Wednesday, May 11, 2016

A Regency Spencer, HSM March: Protection

HSM 3 Protection

I finished a spencer to go with my Regency day dress this spring.  The blue cotton pique was picked up at the scrap swap at Figments & Filaments last year.  I used the pattern from the dress for the bodice back and sleeves, and just extrapolated the rest.  The dress has a drop front bib, so I was able to work with the under bits which overlap underneath the bib.

Decorated with a total of twelve completely non-functional buttons, as well as a few
bits of folded fabric tubes sewn down over the back seams to add a bit of interest.

Ruffled collar holds its shape with two rows of piping along the edge.
Or perhaps a couched cord would be a better way to describe it, as it's not encased within a seam.

Detail of the non-functional false cuffs (and fabric texture).

I turned the sleeve inside out so I could show off how that nonsense was put together.  The seams at the armsyce and bottom of the sleeve puff are bound with cotton tape.  The puff is supported with a crescent of silk organza and the band is held up with two tapes, further assisting the poofing.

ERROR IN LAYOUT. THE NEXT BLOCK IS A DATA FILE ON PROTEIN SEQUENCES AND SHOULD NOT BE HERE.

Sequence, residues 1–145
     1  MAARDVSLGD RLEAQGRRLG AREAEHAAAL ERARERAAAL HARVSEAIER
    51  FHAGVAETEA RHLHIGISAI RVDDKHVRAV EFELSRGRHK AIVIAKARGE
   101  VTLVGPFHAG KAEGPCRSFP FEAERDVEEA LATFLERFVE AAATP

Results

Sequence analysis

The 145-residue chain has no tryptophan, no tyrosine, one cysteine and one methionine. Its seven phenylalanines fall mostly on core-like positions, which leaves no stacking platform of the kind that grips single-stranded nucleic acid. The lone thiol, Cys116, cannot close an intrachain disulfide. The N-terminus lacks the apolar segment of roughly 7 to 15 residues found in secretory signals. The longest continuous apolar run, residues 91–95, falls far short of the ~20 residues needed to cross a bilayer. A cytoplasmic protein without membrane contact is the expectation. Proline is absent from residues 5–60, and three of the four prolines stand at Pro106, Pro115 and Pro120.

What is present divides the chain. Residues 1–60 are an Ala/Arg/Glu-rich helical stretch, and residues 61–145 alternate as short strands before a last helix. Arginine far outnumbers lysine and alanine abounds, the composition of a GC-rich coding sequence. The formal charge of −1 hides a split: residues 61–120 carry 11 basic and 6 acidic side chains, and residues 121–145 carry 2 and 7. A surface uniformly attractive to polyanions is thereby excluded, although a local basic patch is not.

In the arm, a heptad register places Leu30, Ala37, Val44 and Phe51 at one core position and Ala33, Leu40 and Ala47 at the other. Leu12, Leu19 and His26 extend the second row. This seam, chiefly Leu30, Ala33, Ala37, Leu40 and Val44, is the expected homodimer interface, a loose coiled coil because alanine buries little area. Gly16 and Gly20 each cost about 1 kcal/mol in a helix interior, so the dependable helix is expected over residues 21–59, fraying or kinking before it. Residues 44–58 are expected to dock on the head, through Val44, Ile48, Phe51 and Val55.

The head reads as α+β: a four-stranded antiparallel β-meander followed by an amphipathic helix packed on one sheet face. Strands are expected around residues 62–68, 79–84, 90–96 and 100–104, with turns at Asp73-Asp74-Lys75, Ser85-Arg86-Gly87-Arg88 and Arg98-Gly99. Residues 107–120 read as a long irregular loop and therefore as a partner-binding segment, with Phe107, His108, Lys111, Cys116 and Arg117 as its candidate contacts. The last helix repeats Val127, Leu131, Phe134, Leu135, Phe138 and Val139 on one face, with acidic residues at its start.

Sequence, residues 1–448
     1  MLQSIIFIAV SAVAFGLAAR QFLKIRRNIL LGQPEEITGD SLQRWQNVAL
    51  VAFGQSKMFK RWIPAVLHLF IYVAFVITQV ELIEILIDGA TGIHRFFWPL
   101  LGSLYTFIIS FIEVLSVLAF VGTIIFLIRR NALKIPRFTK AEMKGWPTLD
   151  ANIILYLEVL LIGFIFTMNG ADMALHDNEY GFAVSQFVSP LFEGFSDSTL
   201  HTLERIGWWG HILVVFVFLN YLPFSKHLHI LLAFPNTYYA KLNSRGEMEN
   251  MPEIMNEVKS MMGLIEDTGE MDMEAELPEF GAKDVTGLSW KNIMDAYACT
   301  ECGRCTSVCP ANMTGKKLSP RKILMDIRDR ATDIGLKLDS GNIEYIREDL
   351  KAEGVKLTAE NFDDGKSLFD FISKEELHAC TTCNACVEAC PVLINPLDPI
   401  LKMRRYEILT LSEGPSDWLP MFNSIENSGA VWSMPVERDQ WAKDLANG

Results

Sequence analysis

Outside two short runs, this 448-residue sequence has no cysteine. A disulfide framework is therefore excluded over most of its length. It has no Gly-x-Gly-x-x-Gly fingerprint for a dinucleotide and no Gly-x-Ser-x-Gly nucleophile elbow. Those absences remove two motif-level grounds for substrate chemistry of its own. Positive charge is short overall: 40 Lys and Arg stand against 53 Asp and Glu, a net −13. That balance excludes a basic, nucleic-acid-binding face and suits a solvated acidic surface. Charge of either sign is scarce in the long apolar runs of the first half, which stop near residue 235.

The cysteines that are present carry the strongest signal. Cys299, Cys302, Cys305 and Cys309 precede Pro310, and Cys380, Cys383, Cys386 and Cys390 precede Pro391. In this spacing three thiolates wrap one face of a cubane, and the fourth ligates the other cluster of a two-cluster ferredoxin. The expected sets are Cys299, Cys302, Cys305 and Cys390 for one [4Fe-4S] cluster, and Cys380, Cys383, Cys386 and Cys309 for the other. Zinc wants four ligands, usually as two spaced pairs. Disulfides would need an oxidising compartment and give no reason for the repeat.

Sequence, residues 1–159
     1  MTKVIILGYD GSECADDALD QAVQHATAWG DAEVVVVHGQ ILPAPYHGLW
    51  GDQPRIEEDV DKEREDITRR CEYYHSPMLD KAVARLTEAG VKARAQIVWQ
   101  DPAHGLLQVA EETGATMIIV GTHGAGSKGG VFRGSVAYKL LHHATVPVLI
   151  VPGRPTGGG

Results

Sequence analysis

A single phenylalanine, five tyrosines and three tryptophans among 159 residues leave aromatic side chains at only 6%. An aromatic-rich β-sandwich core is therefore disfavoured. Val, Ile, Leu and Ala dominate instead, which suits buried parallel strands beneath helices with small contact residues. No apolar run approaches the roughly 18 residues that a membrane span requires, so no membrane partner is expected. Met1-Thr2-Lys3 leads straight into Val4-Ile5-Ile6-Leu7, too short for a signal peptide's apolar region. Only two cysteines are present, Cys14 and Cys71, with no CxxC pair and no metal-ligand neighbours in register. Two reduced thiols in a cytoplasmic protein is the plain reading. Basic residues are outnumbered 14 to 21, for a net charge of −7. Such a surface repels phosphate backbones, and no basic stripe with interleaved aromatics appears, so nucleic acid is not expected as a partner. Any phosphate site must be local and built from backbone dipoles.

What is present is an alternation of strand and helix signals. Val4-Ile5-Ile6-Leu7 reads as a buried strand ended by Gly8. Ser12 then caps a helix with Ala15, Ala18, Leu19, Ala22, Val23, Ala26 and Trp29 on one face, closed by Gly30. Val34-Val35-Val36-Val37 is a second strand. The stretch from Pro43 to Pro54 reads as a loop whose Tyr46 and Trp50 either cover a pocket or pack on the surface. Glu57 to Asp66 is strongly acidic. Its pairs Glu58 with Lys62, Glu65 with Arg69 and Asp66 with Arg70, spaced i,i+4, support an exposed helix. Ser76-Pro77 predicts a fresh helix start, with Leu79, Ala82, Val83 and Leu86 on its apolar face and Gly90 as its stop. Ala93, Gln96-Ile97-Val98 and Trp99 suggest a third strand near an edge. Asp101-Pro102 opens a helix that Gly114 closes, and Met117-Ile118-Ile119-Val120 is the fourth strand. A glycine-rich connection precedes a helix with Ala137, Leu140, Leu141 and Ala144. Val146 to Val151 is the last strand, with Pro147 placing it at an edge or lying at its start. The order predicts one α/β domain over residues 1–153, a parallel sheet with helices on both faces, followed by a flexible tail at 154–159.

Sleeve head, inside out.

I can't decide if it's too much ruffle to wear the chemisette AND the spencer.
I suppose I could always sub out for a fichu if I want to tone it down a bit.

The flash really brings out the shiny in the dress fabric.  I haven't the foggiest what the secondary
content of the dress is, and have absolutely no fabric left to play with.  I guess the world will never know.

And for the Historical Sew Monthly Challenge:

What the item is: Regency Spencer
The Challenge: Protection
Fabric/Materials: blue cotton pique, linen, silk organza.
Pattern: heavily modified from the Laughing Moon Mercantile bib front dress pattern.
Year: 1810-ish
Notions: fabric covered buttons, hooks with hand stitched loop closures, cotton twill tape.
How historically accurate is it? 8/10
Hours to complete: maybe 20
First worn: in a 'done enough' state for a costumers' guild outing to see Pride + Prejudice + Zombies, but in the finished state, right there in the dining room.
Total cost: The fabric came from the scrap swap at a local costuming convention and the lining is from my own leftovers, so the only really cost was the button forms. All told, maybe $6.

1 comment:

  1. This was lovely to see in person and get an up close glimpse of (benefits of being a secret handmaiden!). :) The bonnet and poof sleeves are so awesome!